2021 could be India’s best-ever year in new solar addition


India is seeing robust growth in solar installations in 2021 despite developers facing a host of market challenges, according to Mercom India Research’s newly released Q3 2021 India Solar Market Update. 

Increased raw materials costs, severe volatility in module availability and price, power curtailment in several states, and high freight charges have all added to the difficulties for the developers. Notwithstanding that, India’s solar addition in the first nine months of 2021 totaled over 7.4 GW, a 328% increase YoY compared to the 1.73 GW installed in the same period in 2020, stated Mercom in its report.

India added 2,835 MW of solar in the third quarter (Q3) of the calendar year (CY) 2021, 14% more than 2,488 MW installed in Q2 2021. Year-over-year (YoY) installations in Q3 were 547% up.

Strong growth despite challenges 

“Despite supply challenges, the Indian solar market is headed towards one of best years on record, and a complete turnaround from 2021, which was one of the worst years for solar due to Covid-19,” said Raj Prabhu, CEO of Mercom Capital Group. “We expect a strong 2022 despite the high price of components and uncertainties surrounding the Great Indian Bustard (GIB) related transmission issue in Rajasthan. An increase in GST, curtailment, and payment issues are adding to the challenges facing developers and constraining growth.”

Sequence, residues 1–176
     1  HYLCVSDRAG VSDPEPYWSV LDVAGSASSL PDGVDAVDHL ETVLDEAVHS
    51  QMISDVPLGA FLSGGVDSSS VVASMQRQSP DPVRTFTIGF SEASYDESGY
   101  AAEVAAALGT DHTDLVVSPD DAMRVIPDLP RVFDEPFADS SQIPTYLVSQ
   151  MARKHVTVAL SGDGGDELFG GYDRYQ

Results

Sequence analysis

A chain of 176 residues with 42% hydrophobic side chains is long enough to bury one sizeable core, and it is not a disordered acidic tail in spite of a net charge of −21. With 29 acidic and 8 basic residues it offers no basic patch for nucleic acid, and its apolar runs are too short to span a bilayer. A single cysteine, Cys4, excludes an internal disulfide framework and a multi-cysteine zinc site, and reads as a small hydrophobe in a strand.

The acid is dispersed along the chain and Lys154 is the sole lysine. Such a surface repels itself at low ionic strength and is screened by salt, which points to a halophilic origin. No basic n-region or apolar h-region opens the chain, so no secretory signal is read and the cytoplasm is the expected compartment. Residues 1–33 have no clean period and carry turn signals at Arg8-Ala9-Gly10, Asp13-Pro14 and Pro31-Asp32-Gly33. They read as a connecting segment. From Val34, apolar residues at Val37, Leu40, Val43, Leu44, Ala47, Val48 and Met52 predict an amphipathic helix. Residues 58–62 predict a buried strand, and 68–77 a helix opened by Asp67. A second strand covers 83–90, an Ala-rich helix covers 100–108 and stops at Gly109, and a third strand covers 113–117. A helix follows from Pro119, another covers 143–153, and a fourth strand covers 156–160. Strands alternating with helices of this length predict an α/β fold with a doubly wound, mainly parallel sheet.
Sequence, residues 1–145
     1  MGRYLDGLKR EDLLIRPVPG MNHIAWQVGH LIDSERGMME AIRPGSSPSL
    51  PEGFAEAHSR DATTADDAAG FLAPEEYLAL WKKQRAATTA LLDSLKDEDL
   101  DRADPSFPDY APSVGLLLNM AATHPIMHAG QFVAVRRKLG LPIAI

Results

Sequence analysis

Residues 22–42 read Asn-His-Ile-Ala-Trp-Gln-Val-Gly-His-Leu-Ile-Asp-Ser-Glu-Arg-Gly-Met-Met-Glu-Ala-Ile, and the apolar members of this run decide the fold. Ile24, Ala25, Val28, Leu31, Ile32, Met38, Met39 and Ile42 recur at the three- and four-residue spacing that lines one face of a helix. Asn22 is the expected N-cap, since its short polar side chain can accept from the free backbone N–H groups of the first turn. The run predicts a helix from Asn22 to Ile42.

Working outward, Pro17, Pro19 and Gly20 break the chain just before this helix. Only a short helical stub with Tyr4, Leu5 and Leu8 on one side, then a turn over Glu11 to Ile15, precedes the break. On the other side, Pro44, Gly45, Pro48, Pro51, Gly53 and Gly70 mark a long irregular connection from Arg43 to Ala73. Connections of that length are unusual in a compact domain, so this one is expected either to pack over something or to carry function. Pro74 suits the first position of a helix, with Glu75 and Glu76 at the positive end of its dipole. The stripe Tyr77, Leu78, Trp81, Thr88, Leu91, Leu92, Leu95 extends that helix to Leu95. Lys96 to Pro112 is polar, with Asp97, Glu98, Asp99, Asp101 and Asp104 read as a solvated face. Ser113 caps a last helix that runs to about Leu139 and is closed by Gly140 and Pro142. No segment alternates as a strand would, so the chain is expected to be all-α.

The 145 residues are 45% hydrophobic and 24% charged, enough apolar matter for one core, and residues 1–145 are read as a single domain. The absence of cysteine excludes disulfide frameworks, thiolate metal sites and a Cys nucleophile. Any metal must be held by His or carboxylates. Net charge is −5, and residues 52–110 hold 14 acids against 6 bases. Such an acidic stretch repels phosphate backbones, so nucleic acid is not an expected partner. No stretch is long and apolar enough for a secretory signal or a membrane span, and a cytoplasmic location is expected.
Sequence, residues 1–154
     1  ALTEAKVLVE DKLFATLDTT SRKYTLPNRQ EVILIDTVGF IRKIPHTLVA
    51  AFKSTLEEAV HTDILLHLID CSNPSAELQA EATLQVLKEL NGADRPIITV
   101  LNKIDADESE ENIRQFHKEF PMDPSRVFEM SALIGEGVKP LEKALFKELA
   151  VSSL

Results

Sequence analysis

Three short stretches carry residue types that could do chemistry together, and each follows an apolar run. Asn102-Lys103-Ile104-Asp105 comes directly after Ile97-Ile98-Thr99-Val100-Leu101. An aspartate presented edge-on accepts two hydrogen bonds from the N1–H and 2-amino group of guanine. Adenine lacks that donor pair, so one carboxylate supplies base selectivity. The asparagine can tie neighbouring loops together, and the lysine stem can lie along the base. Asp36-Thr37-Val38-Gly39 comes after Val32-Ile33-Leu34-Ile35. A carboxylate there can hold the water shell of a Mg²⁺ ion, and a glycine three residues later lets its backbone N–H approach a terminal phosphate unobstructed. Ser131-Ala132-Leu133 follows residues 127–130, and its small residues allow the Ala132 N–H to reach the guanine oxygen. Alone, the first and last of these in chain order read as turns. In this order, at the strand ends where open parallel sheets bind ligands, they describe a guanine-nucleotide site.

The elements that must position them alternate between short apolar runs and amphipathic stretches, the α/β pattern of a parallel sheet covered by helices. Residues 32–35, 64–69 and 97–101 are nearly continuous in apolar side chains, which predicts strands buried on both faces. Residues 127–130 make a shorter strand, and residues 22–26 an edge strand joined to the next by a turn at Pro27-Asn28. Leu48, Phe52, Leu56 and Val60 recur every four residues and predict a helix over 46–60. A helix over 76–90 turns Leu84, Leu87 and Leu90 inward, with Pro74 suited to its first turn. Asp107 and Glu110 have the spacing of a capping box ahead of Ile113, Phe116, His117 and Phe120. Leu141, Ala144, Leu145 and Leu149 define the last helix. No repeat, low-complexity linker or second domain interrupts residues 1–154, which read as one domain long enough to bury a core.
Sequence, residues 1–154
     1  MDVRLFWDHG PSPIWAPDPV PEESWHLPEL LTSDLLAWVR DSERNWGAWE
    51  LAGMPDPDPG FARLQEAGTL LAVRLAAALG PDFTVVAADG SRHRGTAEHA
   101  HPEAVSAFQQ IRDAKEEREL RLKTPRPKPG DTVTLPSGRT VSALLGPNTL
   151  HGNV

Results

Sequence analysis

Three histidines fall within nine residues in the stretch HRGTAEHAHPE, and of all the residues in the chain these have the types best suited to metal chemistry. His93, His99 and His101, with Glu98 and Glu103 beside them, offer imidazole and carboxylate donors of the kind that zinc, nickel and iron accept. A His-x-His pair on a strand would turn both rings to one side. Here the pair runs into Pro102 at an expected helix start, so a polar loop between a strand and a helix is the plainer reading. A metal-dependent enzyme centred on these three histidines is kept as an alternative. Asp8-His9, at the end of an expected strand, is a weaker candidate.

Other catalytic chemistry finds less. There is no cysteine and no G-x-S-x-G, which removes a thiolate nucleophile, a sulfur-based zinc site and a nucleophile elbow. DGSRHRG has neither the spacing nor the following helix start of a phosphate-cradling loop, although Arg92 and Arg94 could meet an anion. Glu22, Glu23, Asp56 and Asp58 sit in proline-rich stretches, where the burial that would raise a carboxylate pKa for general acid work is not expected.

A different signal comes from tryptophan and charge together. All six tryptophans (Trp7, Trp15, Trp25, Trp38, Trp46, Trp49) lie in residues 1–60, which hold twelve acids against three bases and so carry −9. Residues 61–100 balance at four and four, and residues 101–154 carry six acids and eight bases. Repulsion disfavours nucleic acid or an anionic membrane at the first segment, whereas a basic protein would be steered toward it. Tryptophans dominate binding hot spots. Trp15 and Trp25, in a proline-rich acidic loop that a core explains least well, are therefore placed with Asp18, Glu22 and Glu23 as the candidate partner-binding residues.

The average selling prices of solar modules rose steeply during the third quarter. Prices of mono PERC modules surged over 15% QoQ, with supply constraints after major manufacturers started cutting output in China. Freight charges peaked at around $9,000 per container in the quarter.

“Manufacturing capacity ramp-up continues at a brisk pace as domestic producers look to take advantage of the 40% basic customs duty scheduled to be imposed from April 2022. In the second quarter of next year, we can expect to see procurement strategies starting to change drastically as imports become expensive,” added Prabhu.

According to the report, module prices have now been increasing for six consecutive quarters, a trend not seen in the past ten years.

This quarter also saw the largest QoQ increase in large-scale system costs by over 10% attributed to the increase in raw material and component prices.


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